How To Negotiate With A Debt Collection Agency

man shouting at phoneIf one or more of your debts has gone to a collection agency, we don’t have to tell you how nasty things can get. Debt collectors are generally paid on commission. If they’re unable to collect on your debt this is basically money out of their pockets`. This gives them a powerful incentive to stay on you until you pay up. There are things that debt collectors are prohibited from doing by law such as contacting your employer without your permission or calling you early in the morning or late at night. Once a debt collector has contacted you you can send the company a cease and desist letter demanding that it not contact you again. When you do this it’s allowed by law to contact you only once more to tell you that it won’t be contacting you again or to what legal action it intends to take such as suing you. However, in practice a debt collector can continue to harass you because your only recourse is to file a complaint against the company with the Consumer Financial Protection Bureau or to file a lawsuit of your own.

You could reduce the amount you owe

The only good news if you’re being hassled by a debt collector is that you can negotiate a debt collection settlement. This means that you would not pay the total amount you owe but instead you might pay 50% or even less. Your credit reports would list this as negative information but it will show that at least you paid much on your debt as you could. Your credit report will no longer show your debt as “outstanding” but as “settled,” “settlement” or “settled for less than full balance” — depending on the individual credit bureau.

Step one

The first step before you contact that debt collection agency is to figure out how much you can afford to pay. This means you should carefully review your budget. The goal here is not to offer or to settle for more than what you can afford. Of course, when you contact the debt collection agency you will want to offer less than this amount. And when you begin negotiations, make sure that you don’t provide any information about your bank account, references or anything about your employment.

Step two

If you are able to negotiate a settlement, the next step is to request that the debt collector removes all information from your credit reports related to the fact that the debt was settled. While the collection agency cannot remove any negative information that was added to your credit file before it received the debt, it can remove any information that the collection agency added to your report after it got the debt. Then go online and review your credit reports to make sure that the collector did remove the negative information. If you’re not familiar with the three credit reporting bureaus they are TransUnion, Experian and Equifax.

Step three

This will probably be your final step. It will be to get a written agreement before you pay the collector anything. In fact, you might want to hire an attorney that does consumer law to check out the settlement agreement that you’ve reached. In either event, the agreement should include what you have said you would pay, whether you will pay it over time or in a single sum, and when the payments or the lump sum payment is due. It should also include whether you will make the payment via a cashier’s check or electronic funds transfer. Do not give the collector your personal check as this will give him or her all the information needed to sue you and take money out of your account.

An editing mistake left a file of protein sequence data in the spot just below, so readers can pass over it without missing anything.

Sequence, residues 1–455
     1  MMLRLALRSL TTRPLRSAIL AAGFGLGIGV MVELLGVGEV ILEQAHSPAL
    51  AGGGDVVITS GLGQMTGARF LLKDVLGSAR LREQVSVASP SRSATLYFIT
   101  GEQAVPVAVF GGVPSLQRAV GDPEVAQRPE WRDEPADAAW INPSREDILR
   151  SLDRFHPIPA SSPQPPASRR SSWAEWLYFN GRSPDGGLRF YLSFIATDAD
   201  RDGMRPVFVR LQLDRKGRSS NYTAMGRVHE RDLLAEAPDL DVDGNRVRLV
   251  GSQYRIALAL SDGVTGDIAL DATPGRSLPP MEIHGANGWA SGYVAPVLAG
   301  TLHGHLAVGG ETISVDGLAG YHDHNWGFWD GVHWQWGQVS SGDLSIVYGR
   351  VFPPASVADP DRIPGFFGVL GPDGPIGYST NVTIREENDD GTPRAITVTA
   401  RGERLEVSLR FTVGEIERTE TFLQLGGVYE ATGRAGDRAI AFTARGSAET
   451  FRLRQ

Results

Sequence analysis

Your settlement agreement should also include any debt concessions that have been made by the collection agency and any conditions that would violate the agreement and what would be the consequences if a violation were to occur. Don’t sign it until it contains everything to which you agreed and you fully understand the document. Make a copy of the agreement yourself after you sign it and put it away somewhere safe.

Here’s a brief video courtesy of National Debt Relief that underscores the things that are important when negotiating with a debt collector.

 

If the collector refuses to negotiate

In the event that the debt collector won’t negotiate, your best option would be to contact the initial creditor that sent your debt to the collector. Maybe that creditor would be willing to compromise with you. You could also suggest to the debt collector that if he or she refuses to settle you will be forced to file for bankruptcy. This could motivate the collector to negotiate with you and settle your debt for less than you owe.

If you don’t feel you’d be a good negotiator

If you don’t feel that you would be good at negotiating with a debt collector, your only recourse will be to hire a consumer law attorney to do this for you. Of course, this may not be worthwhile unless it’s a very big debt.

Hire a debt settlement company

If you’ve been unable to make payments on multiple debts – whether they’ve gone to collection are not – your best option could be to hire a debt settlement company. Companies such as National Debt Relief have counselors who are experienced at debt negotiation, have good working relationships with lenders and can almost always negotiate better settlements that you could do yourself. Plus, they know how to handle debt collectors. When you work with a debt settlement company this will stop phone calls from your lenders and any harassing phone calls from debt collectors. You will be required to send the money to the debt settlement company each month that you would’ve paid your creditors. The company should deposit this money into an escrow account that you control. When it successfully settles a debt it will request that you release the money to pay for it. If you’re typical there won’t be enough money in your escrow account to pay for all your settlements. When this is the case, the debt settlement company will offer you a payment plan. Assuming you accept the plan it will take you anywhere from 24 to 48 months to complete it. But just think. You will be totally debt free. And how good would that feel?